Mr. Clinton, president of Lollapalooza, brings funk to the fest

August 05, 1994|By J. D. Considine | J. D. Considine,Sun Pop Music Critic

As far as George Clinton is concerned, playing the Lollapalooza festival is simply a matter of adjusting.

On the one hand, he and his P-Funk All Stars have adjusted their approach to fit the 45- to 50-minute time slot the festival allows them. "We just have to re-relate to back in the day when there were like 20 groups on the shows at the Apollo," he says, over the phone from a tour stop in Pittsburgh. "As opposed to the way we've been for the last 15 years, having the whole three-and-a-half to four hours to ourselves."

At the same time, Clinton tries to adjust the audience's attitude, so that instead of trying to analyze what they're seeing and hearing, the kids simply go with the funk.

"The Chili Peppers were telling us, 'Just hit 'em with the songs so fast they don't have time to think about it,' " he says. " 'Don't give 'em no grooves, because you ain't got long enough to do it.' So we got that concept down, and we just bust into it. Kinda rock 'n' roll.

"In this show, we use a couple of theatrical dynamics to break the people out of their analytical mode," he adds. "Because it's obvious they're going to try to analyze. They're going to say, 'What the [expletive] are they doing?' I don't care how much you heard about 'em or who they've worked with -- there's a dude in a wedding dress. There's one in a diaper. And they're not young kids no more.

"But nevertheless, they're playing some serious rock 'n' roll, and there's some serious vocals, and there's some stupidity for people who like to see things happening without any intellectualness at all. You can read anything you want into the group, and before you know it, everybody's coming together at the end of a song."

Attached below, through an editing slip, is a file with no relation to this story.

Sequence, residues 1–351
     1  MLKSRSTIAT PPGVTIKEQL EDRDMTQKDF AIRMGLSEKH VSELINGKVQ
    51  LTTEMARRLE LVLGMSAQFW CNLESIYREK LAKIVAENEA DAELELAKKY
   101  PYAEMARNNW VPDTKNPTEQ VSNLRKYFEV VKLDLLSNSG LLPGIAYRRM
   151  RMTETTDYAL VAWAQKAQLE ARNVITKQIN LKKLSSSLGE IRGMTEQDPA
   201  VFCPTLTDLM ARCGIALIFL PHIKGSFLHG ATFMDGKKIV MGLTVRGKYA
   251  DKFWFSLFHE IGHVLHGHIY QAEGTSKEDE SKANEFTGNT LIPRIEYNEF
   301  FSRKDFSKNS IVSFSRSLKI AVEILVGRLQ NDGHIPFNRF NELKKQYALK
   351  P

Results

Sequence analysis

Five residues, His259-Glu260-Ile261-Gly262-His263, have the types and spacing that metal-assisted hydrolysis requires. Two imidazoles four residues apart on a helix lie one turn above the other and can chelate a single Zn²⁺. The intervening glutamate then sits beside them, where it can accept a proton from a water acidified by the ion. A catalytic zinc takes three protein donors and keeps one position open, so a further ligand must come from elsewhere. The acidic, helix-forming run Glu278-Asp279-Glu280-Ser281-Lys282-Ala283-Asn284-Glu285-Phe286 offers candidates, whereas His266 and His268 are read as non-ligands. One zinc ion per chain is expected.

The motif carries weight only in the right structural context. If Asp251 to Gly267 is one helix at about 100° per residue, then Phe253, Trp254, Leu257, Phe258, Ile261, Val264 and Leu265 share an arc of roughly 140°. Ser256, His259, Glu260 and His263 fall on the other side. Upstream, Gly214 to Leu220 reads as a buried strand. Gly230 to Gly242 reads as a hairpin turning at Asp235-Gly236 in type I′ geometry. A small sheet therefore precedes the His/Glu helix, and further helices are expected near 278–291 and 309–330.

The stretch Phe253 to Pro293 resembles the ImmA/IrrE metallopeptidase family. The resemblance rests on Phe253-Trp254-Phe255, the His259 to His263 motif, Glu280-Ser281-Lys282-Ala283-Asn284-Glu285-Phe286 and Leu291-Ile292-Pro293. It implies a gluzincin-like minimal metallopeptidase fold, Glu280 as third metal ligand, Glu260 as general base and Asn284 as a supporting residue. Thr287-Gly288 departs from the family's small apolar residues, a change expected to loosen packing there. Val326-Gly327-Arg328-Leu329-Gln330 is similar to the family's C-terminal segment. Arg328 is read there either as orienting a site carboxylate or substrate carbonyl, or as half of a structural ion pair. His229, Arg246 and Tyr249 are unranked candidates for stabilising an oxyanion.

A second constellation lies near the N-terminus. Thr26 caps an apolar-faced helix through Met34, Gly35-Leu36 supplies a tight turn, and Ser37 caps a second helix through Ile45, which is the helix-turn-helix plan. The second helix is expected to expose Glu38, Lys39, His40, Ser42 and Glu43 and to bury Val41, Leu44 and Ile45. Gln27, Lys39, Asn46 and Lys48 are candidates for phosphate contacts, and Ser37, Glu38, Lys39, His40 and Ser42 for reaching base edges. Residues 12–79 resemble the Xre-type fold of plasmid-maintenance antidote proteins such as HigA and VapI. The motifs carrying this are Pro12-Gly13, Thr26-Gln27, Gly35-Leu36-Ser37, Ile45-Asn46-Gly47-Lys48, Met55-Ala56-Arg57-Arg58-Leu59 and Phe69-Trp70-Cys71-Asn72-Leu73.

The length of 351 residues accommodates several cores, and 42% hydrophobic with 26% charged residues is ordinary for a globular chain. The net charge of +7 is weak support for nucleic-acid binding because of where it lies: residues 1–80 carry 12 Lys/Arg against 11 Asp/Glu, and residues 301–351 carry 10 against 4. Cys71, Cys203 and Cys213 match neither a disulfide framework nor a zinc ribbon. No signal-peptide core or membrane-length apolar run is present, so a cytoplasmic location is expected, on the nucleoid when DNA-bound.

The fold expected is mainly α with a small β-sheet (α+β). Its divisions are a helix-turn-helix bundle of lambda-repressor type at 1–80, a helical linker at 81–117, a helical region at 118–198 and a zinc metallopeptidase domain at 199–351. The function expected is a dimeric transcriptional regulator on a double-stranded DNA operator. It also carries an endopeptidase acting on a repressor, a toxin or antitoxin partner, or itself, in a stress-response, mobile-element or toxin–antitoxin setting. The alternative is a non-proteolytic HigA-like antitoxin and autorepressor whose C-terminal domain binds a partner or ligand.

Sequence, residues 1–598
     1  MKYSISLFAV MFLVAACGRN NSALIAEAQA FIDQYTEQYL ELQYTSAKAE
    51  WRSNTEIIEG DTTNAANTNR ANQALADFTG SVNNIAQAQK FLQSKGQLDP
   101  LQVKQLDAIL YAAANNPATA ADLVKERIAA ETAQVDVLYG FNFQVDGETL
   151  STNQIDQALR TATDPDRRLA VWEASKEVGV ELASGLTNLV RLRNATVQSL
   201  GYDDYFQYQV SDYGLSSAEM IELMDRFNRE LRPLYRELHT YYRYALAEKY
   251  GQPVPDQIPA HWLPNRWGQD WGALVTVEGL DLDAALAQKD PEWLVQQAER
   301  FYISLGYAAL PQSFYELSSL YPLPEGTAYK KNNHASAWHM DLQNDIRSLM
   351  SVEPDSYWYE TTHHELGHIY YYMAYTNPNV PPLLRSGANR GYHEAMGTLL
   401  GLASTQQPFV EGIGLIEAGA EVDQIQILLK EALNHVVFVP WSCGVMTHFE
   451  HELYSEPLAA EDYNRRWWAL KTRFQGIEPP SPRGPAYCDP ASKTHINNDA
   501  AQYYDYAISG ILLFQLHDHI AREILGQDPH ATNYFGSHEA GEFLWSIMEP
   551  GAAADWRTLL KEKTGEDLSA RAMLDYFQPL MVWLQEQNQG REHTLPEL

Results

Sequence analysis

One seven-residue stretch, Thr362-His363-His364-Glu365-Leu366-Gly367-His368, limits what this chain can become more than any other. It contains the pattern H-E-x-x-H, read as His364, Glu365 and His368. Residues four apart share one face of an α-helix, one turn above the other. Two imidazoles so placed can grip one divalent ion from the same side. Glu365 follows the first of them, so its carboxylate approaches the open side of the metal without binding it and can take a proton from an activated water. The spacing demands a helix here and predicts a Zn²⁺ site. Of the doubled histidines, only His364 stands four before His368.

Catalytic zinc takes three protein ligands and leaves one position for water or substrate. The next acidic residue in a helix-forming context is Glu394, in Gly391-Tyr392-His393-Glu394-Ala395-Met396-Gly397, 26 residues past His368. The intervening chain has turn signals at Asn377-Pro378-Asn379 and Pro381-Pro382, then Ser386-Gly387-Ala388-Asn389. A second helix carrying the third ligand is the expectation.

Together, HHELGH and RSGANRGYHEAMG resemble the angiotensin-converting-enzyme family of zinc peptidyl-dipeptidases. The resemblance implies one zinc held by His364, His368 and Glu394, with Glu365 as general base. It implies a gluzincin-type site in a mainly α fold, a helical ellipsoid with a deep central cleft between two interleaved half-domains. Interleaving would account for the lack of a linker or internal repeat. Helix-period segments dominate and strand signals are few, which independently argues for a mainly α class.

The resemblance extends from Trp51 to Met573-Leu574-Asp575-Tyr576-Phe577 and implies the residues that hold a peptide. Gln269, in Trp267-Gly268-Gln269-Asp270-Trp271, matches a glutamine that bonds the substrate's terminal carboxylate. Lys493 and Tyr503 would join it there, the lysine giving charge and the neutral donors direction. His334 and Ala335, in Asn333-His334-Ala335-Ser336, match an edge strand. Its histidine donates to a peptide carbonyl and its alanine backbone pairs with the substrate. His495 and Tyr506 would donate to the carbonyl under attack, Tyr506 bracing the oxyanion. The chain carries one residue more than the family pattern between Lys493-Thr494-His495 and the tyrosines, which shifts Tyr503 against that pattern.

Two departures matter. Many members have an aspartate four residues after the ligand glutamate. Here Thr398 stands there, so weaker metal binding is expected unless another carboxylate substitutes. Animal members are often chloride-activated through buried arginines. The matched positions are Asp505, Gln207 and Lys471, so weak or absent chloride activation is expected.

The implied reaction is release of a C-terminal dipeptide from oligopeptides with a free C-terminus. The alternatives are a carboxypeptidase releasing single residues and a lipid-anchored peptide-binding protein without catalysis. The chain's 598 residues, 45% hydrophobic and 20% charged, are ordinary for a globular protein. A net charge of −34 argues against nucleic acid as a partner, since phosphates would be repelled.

Clinton is pleased at the reaction his band has gotten from the Lollapalooza crowd. "The kids are accepting it right away," he says. "Even the real young kids are having a ball, and they were the ones we were afraid of."

But then, Clinton and his P-Funk crew have been freaking out and winning over listeners since before most of the Lollapaloozers were born. In fact, he says, playing these shows feels a lot like the early '70s, when what he calls the Parliafunkadelicment Thang was just beginning to click.

"We were a doo-wop group at first and had gotten off into rock 'n' roll," he explains. "We had just got ourselves some Marshall amps, so there was a lot of feedback -- we hadn't just learned it, but we were just getting it perfected, to the point that it wasn't just noise. 'Cause at first, it was just plain psychedelic noise, which fortunately everybody still got off, because that's what time it was in '68 and '69.

"But by the '70s, we were beginning to worry that our brain cells were burning out, so we started trying to organize it. Right around then, we were beginning to realize that Jimi Hendrix, even though it was rock 'n' roll and psychedelic, it was more like jazz in its tightness. It wasn't loose jams.

"But it was still chaotic. Our thing has always been trying to match chaos and order. Trying to get 'em both to go together on the stage. And that's what the funk is to us. It's like in 'Star Wars,' where they say 'Use the force, Luke.' It was basically like, 'Let go, and flow with it.' And when you start doing that, it transcends any intellectual thing."

Hear George Clinton

To hear excerpts from George Clinton's most recent album, call Sundial, The Sun's telephone information service, at (410) 783-1800. In Anne Arundel County, call 268-7736; in Harford County, 836-5028; in Carroll County, 848-0338. Using a touch-tone phone, punch in the four-digit code 6128 after you hear the greeting.


What: Lollapalooza, featuring George Clinton and the P-Funk All Stars, Smashing Pumpkins, the Beastie Boys, the Breeders, A Tribe Called Quest, Nick Cave and the Bad Seeds, L7 and Green Day

When: Monday, Aug. 8. Gates open at 11 a.m., show starts at 2 p.m.

Where: Charles Town Races, Charles Town, W. Va.

Tickets: $31

Call: (410) 481-7328

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